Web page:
An Irishman's Diary


There he was, the man who had once controlled the largest publishing empire in the world, waiting for a bus on the Stillorgan Road in Dublin, writes Wesley Boyd. In his hand was a plastic bag with the handles of a couple of small gardening tools protruding from it.

He got on the bus, unsteadily, and sat close to the door. At the stop in front of Donnybrook Garda station he got off and disappeared into the adjoining overgrown cemetery.

The last time I had seen Cecil Harmsworth King he was striding imperiously down Fleet Street, all the burly six feet four of him, oblivious of the minions scurrying among the newspaper offices. Like his uncles before him, the press barons Northcliffe and Rothermere, King believed he knew better than the politicians how Britain should be run. He used his newspapers to meddle in politics and to flirt with treason. But he was toppled himself and now, years on, he had come to spend his remaining days in Dublin, a place he had always regarded as home.

King's paternal grandfather was from Co Louth and his maternal grandmother was of Ulster Protestant stock. His father, Lucas White King, worked for the British Colonial Service in India and later became professor of Arabic, Persian and Hindustani at Trinity College, Dublin. His mother was Geraldine Harmsworth, sister of Alfred (later Lord Northcliffe) the founder of the British popular press. King, himself, was born in London in 1901 but came to live in Dublin in 1905 when his father was appointed to Trinity. The family lived in a large house near Dundrum and Cecil went to a local day school. At the age of 10 he was dispatched to a prep school in England and went on to Winchester and Oxford.

After university Cecil was sent by Lord Rothermere to learn the family business at the Glasgow Record .

His career began to take off when he progressed to the commercial department of the Daily Mirror in London in 1926. With a combination of ambition, arrogance and ability he steadily climbed the ladder and became chairman of the International Publishing Company, the largest publishing group in the world. It owned scores of newspapers and magazines, ranging from Woman's Weekly to the Daily Mirror, in King's day the biggest-selling newspaper in the world, with a circulation of more than five million.

King was not content with running his empire. He began to dabble in politics. His particular obsession was the Labour government led by Harold Wilson. He believed Wilson was leading the country to ruination and started to explore the possibility of bringing him down and forming a national government. He talked about his plans to the Royal Family's favourite uncle, Lord Mountbatten of Burma, former Chief of the UK Defence Staff. King had him in mind as head of his proposed coalition as he felt he would command the loyalty of the armed forces if there was trouble in the streets.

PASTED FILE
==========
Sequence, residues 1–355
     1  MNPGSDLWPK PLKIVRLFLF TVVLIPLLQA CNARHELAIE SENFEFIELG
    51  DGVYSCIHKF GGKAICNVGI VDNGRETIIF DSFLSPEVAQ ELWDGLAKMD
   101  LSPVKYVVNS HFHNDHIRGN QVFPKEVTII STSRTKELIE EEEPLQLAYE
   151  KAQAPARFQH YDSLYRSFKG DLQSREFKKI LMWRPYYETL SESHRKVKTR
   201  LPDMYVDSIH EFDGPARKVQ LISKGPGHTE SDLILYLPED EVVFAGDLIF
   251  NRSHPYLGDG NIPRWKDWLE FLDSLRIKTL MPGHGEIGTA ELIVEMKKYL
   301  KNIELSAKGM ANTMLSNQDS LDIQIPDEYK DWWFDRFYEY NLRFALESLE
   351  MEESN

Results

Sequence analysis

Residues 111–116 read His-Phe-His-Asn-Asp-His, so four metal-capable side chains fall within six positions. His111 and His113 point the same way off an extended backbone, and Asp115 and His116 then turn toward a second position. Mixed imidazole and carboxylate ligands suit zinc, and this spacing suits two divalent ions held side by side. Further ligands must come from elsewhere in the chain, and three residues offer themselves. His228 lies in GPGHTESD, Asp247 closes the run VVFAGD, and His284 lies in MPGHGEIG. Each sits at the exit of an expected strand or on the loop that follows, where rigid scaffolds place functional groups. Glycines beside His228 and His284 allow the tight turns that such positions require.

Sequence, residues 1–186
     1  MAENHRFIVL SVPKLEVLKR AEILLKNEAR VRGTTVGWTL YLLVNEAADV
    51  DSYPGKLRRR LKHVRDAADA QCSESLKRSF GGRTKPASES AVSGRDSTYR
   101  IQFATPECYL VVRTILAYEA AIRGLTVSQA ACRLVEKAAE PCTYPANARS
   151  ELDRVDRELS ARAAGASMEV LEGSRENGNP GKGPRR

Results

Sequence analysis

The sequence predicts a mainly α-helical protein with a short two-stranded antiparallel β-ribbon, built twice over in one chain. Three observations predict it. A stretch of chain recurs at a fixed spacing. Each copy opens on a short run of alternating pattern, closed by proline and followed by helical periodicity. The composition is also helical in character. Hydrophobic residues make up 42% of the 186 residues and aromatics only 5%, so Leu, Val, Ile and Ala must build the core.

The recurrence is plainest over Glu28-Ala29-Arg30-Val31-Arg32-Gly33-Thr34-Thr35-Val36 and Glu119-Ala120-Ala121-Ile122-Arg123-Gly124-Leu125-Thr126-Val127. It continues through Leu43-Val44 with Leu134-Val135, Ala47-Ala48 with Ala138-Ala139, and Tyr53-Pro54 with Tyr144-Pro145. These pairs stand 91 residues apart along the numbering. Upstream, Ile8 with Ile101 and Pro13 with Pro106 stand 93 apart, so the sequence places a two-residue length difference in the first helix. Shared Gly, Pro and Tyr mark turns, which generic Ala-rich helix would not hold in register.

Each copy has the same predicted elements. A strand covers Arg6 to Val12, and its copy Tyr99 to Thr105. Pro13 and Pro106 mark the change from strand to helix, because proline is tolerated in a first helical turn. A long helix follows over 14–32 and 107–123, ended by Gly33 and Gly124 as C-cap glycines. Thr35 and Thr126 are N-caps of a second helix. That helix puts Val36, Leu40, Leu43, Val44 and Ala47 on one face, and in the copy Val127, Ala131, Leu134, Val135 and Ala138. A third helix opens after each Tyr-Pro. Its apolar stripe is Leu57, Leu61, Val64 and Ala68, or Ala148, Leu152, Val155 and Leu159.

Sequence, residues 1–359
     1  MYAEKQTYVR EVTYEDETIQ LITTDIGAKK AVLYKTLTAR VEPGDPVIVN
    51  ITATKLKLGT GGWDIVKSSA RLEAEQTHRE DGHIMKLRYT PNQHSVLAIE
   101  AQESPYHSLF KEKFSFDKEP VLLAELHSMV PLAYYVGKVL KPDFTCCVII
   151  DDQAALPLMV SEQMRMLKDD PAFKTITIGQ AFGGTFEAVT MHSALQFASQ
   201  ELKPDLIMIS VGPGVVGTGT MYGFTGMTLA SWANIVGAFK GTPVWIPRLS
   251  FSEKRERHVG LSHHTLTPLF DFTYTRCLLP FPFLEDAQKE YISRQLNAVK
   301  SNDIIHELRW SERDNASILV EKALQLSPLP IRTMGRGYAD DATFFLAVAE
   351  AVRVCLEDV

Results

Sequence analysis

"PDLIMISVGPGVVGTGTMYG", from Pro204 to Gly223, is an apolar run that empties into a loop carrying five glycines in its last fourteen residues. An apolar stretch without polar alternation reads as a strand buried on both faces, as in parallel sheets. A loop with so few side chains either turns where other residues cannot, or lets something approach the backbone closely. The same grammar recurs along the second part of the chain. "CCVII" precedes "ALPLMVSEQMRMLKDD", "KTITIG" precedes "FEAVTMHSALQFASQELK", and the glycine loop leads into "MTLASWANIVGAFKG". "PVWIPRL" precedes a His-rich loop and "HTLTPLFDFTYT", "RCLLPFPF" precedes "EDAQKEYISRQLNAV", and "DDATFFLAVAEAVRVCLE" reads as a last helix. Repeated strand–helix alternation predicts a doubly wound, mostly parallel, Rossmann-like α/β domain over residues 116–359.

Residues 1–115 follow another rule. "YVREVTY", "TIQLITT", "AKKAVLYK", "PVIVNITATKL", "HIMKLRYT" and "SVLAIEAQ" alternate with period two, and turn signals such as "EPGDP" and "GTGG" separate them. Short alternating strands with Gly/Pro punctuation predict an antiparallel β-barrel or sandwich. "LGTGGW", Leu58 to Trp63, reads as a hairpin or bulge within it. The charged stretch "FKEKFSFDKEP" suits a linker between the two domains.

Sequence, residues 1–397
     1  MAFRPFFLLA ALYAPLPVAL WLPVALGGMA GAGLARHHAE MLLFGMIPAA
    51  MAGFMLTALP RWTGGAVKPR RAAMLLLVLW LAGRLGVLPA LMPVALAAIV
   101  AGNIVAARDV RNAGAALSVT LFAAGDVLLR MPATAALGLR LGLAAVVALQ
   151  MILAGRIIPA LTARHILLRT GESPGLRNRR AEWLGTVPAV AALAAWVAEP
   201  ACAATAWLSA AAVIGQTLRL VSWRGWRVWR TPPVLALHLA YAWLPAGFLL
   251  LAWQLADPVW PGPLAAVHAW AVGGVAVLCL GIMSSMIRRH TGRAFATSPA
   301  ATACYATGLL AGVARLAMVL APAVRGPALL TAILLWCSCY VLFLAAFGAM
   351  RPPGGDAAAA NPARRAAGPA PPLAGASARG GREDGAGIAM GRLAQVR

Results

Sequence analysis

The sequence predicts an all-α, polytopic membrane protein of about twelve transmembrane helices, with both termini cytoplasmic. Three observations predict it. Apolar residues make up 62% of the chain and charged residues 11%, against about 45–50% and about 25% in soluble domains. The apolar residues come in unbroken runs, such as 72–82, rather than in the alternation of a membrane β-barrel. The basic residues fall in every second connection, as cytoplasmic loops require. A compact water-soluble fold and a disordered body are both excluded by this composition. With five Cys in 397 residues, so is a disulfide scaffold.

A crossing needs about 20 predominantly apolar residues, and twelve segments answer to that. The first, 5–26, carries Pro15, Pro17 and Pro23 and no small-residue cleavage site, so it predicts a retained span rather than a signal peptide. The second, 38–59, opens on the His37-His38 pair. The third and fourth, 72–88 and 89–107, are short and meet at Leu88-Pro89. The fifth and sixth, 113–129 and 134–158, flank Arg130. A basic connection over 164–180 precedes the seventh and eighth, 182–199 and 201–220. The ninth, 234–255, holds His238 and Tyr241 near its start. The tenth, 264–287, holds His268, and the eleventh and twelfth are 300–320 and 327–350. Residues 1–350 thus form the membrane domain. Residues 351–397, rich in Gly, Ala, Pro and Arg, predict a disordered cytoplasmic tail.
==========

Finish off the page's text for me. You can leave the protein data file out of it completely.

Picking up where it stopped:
In May 1968, under a photograph of himself, he wrote a front-page article in the Daily Mirror headed "ENOUGH IS ENOUGH".

He proclaimed that Wilson had lost all credibility and would have to go.

Inevitably his fellow directors on IPC came to the conclusion that King's antics were undermining the stability of the company and they summarily sacked him before the month was out.

In 1974 King and his second wife, Dame Ruth Railton, decided to retire to Dublin and bought a modest (for them) house in Greenfield Park opposite the RTÉ studios at Donnybrook. Dame Ruth had spent much of her career developing an appreciation of music, particularly among young people, and she became a member of the board of the National Concert Hall.

King continued to write the occasional article and, perhaps, inspired by the example of another of his press baron uncles, Lord Harmsworth who had spent much time and money in restoring Dr Johnson's house off Fleet Street, he dedicated himself to the task of cleaning up Donnybrook Cemetery.

It can be clearly seen from the top of the buses that pass the Garda station. The last burial there was around 1880 and it has been used as a rubbish dump on several occasions. It is now in the care of Dublin City Council which maintains it in a reasonable state. The elaborate stone gateway was erected in 1890 by members of the Dublin Stock Exchange in memory of Thomas C. Seawright, their registrar. The stockbrokers obviously did nothing to tidy the cemetery because when a Rev Mr Maffett went there around the same time to look for the tomb of a Protestant Archbishop of Dublin, Dr King, (no relation) he gave up after removing over 200 tin kettles and buckets from the area. This Mr Maffett may well have been a relative of Cecil King's maternal grandmother, Geraldine Maffett.

With his hand tools Cecil King laboriously unearthed the graves of some illustrious men. Dr Richard Madden, the historian of the United Irishmen, world traveller and anti-slavery campaigner, is buried there. He was a friend of some of the survivors of the Ninety-Eight Rising, including Jemmy Hope, the Belfast weaver, Mary, the sister of Henry Joy McCracken, Mathilda, the widow of Theobald Wolfe Tone and Anne Devlin, the housekeeper of Robert Emmet. Ironically, the bones of Leonard McNally, who betrayed Emmet, lie close to Madden's grave.

In a booklet published in 1966 to mark the centenary of the Parish of the Sacred Heart, Donnybrook, Leon Ó Broin, the distinguished public servant, historian and writer, tells of going to the cemetery to look for the grave of Madden, whose biography he was writing. He could not find it because of the untidy undergrowth.

However, he had an important clue: Madden had brought home some cypress trees from Napoleon's grave at St Helena and planted them around his family grave in Donnybrook.

Ó Broin returned with a friend who knew about trees and found the grave.

It is pleasant to dwell on the image of the toppled Emperor of Fleet Street grubbing around under trees that once gave shade to the fallen hero of France.